David further writes, "The world may see Makoko as marginalised and irrelevant, but the inhabitants do not appear to see it that way - I saw no sense of self pity - just pride. Globalisation has not helped the slum, so its faltering premise has no consequence. Of course, family life goes on for both the rich and the poor in Lagos irrespective of changible ideologies within G7 countries. There is an uncomfortably patronising undertone to much of today’s politics of nationalism and Makoko is a gentle reminder that human dignity is not exclusive to international communities of affluence."
I was chest deep in some of the dirtiest water in the world - with unimaginable things floating past my face. With no one of our skin colour ( other than my dry assistant) probably within a radius of 5 miles of our location (and this is the second biggest city in the world) it would be excusable to be tense. That never works. But throughout the day, we kept our dignity and manners and mostly just smiled. It was then that we probably earnt Makoko’s respect - after that, all was good. We were even clapped. I will leave others to decide whether this picture has that “Holy Trinity” but it’s the best I can do. My hunch is that it will stand the test of time."
To say that I am over the moon about representing one of my favorite photographers, not only because he IS A GREAT ARTIST, but because he has compassion and empathy for both human beings and animals is an understatement. David is a conservationist, raising hundreds of thousands of dollars for THE TUSK TRUST. I don't know about you, but I am constantly signing petitions to stop the poaching and killing of elephants, rhinoceros and other animals for their tusks, their skins, their bones and whatever else desperate people will do to make money and survive. But petitions are not enough. Last week, two of his photographs sold for $50,000 each at auction, a record breaking price. In all, David donated $163,000 to the Tusk Trust last week alone. And for this act of generosity, I say BRAVO!
"In my mind, if a photograph is sufficiently powerful in content and evocative in light and line to be looked at for a long time. there is a chance that it has something which is art - not reportage. But there is a third variable that is often needed to elevate an image to a higher pantheon - the dynamic of relevance. This is the most elusive of this “Holy Trinity” of factors I strive to attain. Wildlife portraits for instance - no matter how threatened the animal in question is to extinction, often fall down on this criteria. Such images maybe immersive and visually compelling on the one hand - but lacking in a broader contemporary narrative on the other."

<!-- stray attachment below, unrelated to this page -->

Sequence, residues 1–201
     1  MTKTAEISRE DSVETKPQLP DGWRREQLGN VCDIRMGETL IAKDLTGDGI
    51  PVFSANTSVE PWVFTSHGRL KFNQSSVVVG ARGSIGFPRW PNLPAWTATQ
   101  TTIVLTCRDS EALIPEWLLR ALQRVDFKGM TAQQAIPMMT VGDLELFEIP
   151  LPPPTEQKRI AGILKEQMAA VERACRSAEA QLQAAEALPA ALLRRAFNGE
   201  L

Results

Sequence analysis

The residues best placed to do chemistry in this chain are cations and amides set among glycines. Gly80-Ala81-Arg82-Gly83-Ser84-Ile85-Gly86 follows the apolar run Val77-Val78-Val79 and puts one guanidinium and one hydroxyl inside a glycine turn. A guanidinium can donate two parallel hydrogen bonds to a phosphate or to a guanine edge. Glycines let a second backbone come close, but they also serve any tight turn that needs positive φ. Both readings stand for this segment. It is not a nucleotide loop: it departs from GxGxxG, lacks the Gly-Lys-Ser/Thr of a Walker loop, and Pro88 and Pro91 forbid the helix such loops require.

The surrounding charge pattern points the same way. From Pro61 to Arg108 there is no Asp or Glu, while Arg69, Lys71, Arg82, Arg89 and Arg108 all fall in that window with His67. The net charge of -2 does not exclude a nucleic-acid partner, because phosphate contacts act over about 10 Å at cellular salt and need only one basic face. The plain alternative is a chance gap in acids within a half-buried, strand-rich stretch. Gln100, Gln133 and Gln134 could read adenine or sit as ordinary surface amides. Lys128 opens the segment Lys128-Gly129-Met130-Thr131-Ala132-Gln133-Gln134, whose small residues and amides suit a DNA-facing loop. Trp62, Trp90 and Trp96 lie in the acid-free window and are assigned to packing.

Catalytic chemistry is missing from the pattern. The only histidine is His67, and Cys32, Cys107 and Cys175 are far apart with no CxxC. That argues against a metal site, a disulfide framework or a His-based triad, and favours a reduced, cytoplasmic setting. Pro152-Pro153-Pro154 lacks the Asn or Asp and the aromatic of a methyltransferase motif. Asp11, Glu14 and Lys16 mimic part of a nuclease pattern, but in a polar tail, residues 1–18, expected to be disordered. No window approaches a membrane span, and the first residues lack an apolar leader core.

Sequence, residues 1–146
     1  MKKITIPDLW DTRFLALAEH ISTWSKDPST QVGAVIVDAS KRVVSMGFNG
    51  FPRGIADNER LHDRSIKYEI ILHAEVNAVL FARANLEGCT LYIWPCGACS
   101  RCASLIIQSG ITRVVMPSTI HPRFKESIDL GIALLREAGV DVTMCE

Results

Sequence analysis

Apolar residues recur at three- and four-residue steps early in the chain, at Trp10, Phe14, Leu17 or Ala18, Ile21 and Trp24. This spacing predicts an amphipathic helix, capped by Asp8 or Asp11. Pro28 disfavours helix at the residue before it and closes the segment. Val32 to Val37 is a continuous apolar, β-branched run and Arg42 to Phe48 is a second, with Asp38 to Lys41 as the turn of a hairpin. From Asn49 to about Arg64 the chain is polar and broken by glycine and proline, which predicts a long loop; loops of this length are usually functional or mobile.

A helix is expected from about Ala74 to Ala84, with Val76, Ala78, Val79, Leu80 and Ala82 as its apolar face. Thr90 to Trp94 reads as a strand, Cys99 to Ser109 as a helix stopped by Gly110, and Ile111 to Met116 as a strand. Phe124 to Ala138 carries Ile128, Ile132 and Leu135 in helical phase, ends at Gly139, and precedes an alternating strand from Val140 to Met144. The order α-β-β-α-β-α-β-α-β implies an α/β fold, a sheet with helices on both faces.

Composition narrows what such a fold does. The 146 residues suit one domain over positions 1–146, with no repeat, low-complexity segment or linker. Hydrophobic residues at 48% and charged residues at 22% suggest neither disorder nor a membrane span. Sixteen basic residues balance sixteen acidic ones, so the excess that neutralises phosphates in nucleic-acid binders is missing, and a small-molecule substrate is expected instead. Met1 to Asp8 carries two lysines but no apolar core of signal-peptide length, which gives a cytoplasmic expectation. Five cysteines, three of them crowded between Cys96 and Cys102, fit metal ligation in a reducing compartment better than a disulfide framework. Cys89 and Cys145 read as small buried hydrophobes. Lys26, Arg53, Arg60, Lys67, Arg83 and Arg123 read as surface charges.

I know one thing. Anything is possible. As an artist, it is important that I work with other artists whose work is relevant, powerful, and rare. It is a selfish thing, actually. I want my life to be meaningful. I want to make the world a better place for having been here. And by surrounding myself with people who give meaning to their own lives and to the lives of others, people who live life to the fullest, how can I not be in awe? Maybe one day David Yarrow will invite me to join him on one of his adventures in Africa, Asia, the Arctic or the Gobi Desert. Who knows what's in store? In the meantime, I will passionately share with you some of the finest photographs of lions and tigers and bears and bison I have ever seen. And I will share images of indigenous peoples and their cultures, a way of life that is ticking away quickly, being swallowed up by technology and modernization. Soon, you will have the chance to meet David Yarrow in my gallery right here in Chicago. How fun will that be?